Disaster Supply Kit - KLFY News 10

Disaster Supply Kit

Earthquakes, floods, and other disasters can seriously disrupt normal life. Services may not be available, transportation may be cut off and roads may be blocked. In some cases, you may be forced to evacuate. Be ready to respond to any situation by assembling and maintaining a Disaster Supplies Kit.

Plan on one gallon of water per person per day.

Store water in plastic containers such as soft drink bottles.
Avoid using containers that will decompose or break, such as mason jars or glass bottles.
Use water for health.
Because water is so important to human survival, it should never be withheld. Drink at least two quarts per day, as long as supplies last, and look for alternative sources.

Store at least a three-day supply of no-perishable food.
Choose foods that require no refrigeration, cooking, or preparation and are compact and lightweight. If food must be cooked, include a can of sterno.

Food suggestions

  Ready-to-eat canned meats, fruits, and vegetables
  Canned juices, milk, soup (if powdered, store extra water)
  Staples-sugar, salt, pepper
  High energy foods-peanut butter, jelly, crackers, nuts, health food bars, trail mix.
  Comfort stress foods-cookies,hard candy,sweetened cereals.
  Store the supplies in an easy-to-carry object such as a large,covered trash container, camping backpack, or a duffle bag.

Have two first aid kits.
Keep a complete first aid kit in your home and car.

Items to include

  Sterile adhesive bandages in assorted sizes
  2-inch sterile gauze pads (4-6)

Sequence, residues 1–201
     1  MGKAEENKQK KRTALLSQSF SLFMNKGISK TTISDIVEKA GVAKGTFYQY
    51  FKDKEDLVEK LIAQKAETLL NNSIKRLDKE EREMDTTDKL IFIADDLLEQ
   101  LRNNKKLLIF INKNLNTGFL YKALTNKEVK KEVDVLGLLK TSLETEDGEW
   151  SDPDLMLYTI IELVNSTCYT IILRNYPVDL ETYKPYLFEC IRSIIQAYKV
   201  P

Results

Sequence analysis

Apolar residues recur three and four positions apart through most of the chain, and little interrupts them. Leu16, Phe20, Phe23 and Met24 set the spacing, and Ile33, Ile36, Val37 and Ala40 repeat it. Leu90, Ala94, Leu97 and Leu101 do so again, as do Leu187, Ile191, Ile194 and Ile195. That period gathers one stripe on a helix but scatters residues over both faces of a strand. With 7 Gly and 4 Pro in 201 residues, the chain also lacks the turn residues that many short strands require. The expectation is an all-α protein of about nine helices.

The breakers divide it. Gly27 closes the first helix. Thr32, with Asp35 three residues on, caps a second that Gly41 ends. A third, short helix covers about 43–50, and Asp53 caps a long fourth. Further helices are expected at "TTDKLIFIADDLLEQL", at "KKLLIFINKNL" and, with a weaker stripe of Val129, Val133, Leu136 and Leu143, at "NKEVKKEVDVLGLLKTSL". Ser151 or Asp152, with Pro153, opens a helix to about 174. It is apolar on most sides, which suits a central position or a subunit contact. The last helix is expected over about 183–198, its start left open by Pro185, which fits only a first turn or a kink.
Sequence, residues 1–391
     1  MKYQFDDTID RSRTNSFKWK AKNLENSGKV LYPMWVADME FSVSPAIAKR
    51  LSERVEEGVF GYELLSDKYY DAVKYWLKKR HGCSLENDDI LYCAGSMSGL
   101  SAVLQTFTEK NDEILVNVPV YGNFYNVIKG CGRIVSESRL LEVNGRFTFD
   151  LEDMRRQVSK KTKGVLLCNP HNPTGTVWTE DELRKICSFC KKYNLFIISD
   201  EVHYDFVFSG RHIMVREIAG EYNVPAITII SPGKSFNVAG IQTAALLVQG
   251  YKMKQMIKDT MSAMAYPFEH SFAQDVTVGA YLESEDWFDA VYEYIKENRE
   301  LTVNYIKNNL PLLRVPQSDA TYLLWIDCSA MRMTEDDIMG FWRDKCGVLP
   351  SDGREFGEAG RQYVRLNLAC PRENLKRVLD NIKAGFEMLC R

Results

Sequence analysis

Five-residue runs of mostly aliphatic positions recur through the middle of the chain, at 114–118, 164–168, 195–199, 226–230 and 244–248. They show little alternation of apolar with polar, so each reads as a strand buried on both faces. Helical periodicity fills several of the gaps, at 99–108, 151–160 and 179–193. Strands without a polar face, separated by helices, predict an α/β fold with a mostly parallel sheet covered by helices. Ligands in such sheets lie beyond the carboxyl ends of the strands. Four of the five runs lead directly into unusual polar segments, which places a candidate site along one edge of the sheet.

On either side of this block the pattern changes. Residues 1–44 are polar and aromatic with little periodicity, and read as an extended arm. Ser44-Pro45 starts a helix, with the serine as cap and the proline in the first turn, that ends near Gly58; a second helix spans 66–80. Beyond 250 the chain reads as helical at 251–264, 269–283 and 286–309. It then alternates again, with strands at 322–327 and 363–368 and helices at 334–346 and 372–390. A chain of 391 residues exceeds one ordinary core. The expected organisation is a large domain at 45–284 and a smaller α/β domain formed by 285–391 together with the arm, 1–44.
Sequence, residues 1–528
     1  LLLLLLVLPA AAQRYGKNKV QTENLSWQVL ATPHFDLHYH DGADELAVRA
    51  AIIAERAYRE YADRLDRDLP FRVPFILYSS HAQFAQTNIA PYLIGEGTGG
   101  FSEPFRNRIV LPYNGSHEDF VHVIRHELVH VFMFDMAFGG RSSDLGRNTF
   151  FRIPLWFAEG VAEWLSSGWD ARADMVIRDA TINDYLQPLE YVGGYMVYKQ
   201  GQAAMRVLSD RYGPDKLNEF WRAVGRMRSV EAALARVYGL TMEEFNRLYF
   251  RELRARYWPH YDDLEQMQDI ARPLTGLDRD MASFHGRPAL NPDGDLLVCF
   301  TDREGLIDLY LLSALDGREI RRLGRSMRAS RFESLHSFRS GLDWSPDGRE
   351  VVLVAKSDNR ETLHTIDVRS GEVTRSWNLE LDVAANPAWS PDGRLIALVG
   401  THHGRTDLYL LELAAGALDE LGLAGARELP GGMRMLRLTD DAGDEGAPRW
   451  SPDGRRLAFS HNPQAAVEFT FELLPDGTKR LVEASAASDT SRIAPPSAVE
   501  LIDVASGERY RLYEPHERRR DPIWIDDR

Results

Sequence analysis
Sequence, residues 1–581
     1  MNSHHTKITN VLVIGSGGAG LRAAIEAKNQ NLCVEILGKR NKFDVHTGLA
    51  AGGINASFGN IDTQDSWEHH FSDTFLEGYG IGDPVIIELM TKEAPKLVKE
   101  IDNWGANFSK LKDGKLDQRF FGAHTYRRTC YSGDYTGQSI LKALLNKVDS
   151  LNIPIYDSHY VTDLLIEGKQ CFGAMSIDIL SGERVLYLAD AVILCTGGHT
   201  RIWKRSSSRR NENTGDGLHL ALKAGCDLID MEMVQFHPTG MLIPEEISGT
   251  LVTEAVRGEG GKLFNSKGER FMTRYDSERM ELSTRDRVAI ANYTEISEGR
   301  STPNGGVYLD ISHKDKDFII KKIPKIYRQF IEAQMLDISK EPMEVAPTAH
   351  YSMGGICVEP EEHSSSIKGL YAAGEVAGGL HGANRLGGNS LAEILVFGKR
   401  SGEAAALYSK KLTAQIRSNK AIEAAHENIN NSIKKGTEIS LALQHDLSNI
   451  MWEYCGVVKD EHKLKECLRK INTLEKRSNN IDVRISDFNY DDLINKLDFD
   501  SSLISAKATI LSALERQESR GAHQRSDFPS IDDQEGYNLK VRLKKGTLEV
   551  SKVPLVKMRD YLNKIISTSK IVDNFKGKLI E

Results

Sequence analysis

4-inch gauze pads
  Hypoallergenic adhesive tape
  Triangular bandages (3)
  2-inch sterile roller bandages (3 rolls)
  3-inch sterile roller bandages
  Moistened towelettes
  Tongue blades (2)
  Tube of petroleum jelly or other lubricant
  Assorted sizes of safety pins
  Cleansing agent-soap
  Latex gloves (2 pair)
  Aspirin or non-aspirin pain reliever
  Anti-diarrhea medication
  Antacid (for upset stomach)
  Syrup of Ipecac (use to induce vomiting if advised by the Poison Control Center)
  Activated charcoal (use if advised by the Poison Control Center)

Contact your local American Red Cross chapter to obtain a basic first aid textbook.


  Emergency preparedness manual
  Battery-operated radio and extra batteries
  Non-electric can opener, utility knife
  Fire extinguisher, small canister, A-B-C type
  Tube tent
  Matches in a waterproof container
  Aluminum foil
  Signal flares
  Paper and pencils
  Needles and thread
  Medicine dropper
  Shut off wrench, to turn off household gas and water
  Plastic sheeting

Include at least one complete change of clothing and footwear per person.

  Sturdy shoes or work boots
  Rain gear
  One blanket or sleeping bag per person
  Hat and gloves
  Thermal underwear


  Toilet paper, towelettes
  Soap, liquid detergent
  Feminine supplies
  Personal items-shampoo, deodorant, toothpaste, toothbrushes, comb and brush, lip balm.
  Small shovel, for digging and expedient latrine
  Plastic garbage bag and ties
  Plastic bucket with tight lid
  Household chlorine bleach

Include items for household members with special needs, such as infants, elderly, or disabled individuals.

  Powdered Milk

Elderly People

  Heart and high blood pressure medications
  Prescription drugs
  Denture needs

Include favorite entertainment items.

  Coloring books and crayons

Keep these records in a waterproof container.

  Will, insurance policies, contracts, deeds, stocks and bonds.
  Passports, social security cards, immunization records
  Savings and checking account numbers
  Credit card account numbers and companies
  Inventory of valuable household goods, important telephone numbers
  Family records (birth, marriage, death certificates)

Storage Suggestions
Store the kit in a safe, convenient place known to all family members. If possible, it should be a cool, dry, dark location. Keep a smaller version of your Disaster Supplies Kit in the trunk of your car.

Keep items, or groups of items, in water-proof and air tight plastic bags. Change the water supply every six months so it stays fresh. Rotate the food every six months. Ask your doctor or pharmacist about the proper procedure for storing prescription medications. Replace batteries often.

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